In response to the onset of the Great Depression, the 71st Congress passed the Smoot-Hawley Tariff. This bill instituted some of the highest tariffs in American history. While pitched as a plan to protect American businesses, it caused retaliatory tariffs, and widespread isolationism and protectionism across the globe. This essentially shut down commerce at a time where the world desperately needed economic rejuvenation. Even President Herbert Hoover, who signed the bill, criticized it as "vicious, extortionate, and obnoxious," but signed because he thought it would bring him political support. He failed.

Perhaps two of the biggest blemishes on the United States’ record as a defender of freedom, the Alien Registration Act of 1940 and Public Law 503, set the stage for Franklin Roosevelt’s (FDR) internment of Japanese-American citizens. The former required all non-citizens residents to register their fingerprints, and living information with the federal government, and carry registration papers with them at all times. The latter codified FDR’s executive order which called for Japanese-American concentration camps, and instituted penalties for refusal to comply. The order affected 117,000 people of Japanese descent, two-thirds of whom were native-born American citizens. These laws were passed by the 76th and 77th Congresses respectively.

Perhaps the reason Pelosi decided not to rank concentration camps on American soil as worse than tax cuts is because of her blinding love for FDR. Her father was in Congress and was described by Pelosi herself as “a stalwart supporter of FDR’s agenda.” Beyond that, her older brother was named in honor of him. In a speech expressing her admiration for FDR, Pelosi said, “Franklin Delano Roosevelt spoke to the aspirations of all of the American people.” That is, of course, if you discount the hordes of Japanese-Americans who were denied their freedom under his administration.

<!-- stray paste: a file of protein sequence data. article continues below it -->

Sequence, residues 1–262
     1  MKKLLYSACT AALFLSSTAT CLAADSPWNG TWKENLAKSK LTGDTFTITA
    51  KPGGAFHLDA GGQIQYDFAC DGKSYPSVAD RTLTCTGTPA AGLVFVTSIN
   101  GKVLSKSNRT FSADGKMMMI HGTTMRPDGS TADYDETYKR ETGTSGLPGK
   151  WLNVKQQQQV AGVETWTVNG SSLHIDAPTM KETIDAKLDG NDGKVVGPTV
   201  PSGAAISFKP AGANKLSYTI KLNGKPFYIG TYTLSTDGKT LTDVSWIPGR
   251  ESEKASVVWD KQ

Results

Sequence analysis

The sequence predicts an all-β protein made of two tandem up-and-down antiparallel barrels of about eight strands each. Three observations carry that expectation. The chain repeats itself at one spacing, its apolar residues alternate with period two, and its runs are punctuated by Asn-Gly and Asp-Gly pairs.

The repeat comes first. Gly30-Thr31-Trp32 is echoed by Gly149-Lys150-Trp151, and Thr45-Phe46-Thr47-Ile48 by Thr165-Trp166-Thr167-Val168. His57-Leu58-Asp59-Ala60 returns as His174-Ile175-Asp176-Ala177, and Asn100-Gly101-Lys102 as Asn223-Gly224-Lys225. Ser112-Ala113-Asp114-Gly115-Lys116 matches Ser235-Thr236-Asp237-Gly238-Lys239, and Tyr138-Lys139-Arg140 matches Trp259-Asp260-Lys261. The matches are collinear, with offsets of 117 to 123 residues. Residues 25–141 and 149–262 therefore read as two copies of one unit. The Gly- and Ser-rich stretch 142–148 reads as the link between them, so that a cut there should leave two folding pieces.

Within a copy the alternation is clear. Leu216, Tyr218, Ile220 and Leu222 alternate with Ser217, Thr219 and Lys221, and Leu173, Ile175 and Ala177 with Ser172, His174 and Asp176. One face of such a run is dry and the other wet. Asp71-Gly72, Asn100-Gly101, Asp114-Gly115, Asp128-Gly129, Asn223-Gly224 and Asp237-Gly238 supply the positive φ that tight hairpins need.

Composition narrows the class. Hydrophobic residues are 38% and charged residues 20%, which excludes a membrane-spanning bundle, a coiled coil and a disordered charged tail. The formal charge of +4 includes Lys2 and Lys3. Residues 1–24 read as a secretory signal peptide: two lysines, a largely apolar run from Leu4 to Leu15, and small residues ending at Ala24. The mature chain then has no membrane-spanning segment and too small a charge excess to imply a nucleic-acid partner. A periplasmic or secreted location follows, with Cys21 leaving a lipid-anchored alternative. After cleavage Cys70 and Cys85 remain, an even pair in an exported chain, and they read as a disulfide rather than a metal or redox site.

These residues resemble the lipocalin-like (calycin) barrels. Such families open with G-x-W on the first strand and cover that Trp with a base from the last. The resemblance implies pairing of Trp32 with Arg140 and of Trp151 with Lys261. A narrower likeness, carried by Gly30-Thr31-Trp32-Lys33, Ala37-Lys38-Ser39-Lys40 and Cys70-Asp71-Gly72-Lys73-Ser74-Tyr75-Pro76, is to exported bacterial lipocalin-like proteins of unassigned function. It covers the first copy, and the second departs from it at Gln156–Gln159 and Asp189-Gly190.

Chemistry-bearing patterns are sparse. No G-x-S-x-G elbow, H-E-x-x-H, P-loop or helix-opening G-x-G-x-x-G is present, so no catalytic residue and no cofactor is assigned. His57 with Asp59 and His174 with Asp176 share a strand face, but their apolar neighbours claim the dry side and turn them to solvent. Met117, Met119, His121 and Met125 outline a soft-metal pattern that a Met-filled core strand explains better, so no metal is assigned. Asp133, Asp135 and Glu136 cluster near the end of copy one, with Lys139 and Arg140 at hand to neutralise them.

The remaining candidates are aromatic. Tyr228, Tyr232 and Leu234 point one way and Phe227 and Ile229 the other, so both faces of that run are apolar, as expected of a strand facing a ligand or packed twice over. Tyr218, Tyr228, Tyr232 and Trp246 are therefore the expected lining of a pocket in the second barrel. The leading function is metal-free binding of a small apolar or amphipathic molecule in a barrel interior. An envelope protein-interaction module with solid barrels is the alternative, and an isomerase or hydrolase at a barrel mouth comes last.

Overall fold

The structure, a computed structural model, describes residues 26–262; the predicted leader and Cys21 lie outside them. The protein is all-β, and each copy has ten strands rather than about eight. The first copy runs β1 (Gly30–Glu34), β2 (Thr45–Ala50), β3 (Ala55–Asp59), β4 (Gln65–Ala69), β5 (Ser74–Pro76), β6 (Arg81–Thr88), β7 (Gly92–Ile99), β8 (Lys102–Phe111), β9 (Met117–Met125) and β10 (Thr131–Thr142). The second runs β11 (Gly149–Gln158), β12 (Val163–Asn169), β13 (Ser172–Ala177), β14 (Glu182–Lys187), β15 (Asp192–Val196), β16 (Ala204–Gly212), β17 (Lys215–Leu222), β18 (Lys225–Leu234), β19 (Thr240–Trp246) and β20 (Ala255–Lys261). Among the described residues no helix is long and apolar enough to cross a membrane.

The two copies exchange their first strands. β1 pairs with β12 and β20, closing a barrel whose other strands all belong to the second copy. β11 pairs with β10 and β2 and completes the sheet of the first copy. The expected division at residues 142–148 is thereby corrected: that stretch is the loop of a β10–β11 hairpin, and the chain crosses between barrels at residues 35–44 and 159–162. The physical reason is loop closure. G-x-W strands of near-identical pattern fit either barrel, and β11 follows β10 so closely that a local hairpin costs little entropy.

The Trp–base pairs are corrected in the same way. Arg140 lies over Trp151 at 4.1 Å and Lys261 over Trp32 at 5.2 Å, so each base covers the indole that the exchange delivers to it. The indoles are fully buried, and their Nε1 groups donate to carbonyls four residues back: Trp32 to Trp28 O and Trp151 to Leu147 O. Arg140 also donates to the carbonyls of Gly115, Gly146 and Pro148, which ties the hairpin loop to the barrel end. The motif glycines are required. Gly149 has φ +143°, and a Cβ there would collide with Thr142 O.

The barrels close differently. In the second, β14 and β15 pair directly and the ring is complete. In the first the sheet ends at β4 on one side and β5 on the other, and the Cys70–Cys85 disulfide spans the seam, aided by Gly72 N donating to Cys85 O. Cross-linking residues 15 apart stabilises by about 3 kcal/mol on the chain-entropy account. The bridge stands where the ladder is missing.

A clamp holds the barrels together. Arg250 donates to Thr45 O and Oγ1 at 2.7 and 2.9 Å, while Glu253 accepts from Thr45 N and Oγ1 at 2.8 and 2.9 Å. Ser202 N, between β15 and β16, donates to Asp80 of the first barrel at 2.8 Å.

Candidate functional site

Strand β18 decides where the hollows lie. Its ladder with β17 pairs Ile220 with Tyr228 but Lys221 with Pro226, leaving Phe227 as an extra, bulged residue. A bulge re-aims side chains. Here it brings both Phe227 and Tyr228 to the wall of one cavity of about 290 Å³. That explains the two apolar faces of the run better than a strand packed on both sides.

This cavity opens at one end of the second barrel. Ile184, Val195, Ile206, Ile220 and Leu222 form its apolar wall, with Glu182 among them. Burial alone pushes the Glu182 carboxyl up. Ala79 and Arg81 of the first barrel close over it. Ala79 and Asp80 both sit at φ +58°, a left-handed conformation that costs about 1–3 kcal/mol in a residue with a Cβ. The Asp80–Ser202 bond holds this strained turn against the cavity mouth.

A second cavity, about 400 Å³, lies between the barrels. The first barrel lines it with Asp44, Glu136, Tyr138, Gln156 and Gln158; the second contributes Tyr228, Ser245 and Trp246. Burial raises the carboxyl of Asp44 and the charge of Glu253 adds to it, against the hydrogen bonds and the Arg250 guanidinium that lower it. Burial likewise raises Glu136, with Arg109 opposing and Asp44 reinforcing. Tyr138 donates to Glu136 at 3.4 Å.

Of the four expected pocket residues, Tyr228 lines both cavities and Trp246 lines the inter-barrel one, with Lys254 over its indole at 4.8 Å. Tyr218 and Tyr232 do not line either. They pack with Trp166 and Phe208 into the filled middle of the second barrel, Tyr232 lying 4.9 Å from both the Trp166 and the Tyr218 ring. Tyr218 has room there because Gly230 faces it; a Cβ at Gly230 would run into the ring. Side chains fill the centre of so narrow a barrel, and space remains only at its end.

Finally, more recently, the USA PATRIOT Act was an unmitigated assault on the Fourth Amendment to the Constitution. Passed by the 107th Congress and signed with enthusiastic support by President George W. Bush, it permitted broad warrantless surveillance on American citizens. It also allowed the FBI to collect the personal information of any person who so much as criticized the Iraq War. It added the First Amendment to its list of constitutional casualties.

The list could go on and on, as the regard for the Constitution in the federal government has dwindled over the years. However, to lump tax cuts for American workers and businesses in with some of the monumental abuses in our nation’s history is grossly irresponsible. It diminishes all those who were hurt or imprisoned because of those overreaches. Pelosi uses the extreme rhetoric to mask the fact that neither she, nor anyone else in the Democratic Party, can criticize this landmark tax reform on its merits. It is neither accurate nor helpful in a time where division and tension are running high, and more honest political dialogue is needed. In short, Armageddon is not upon us.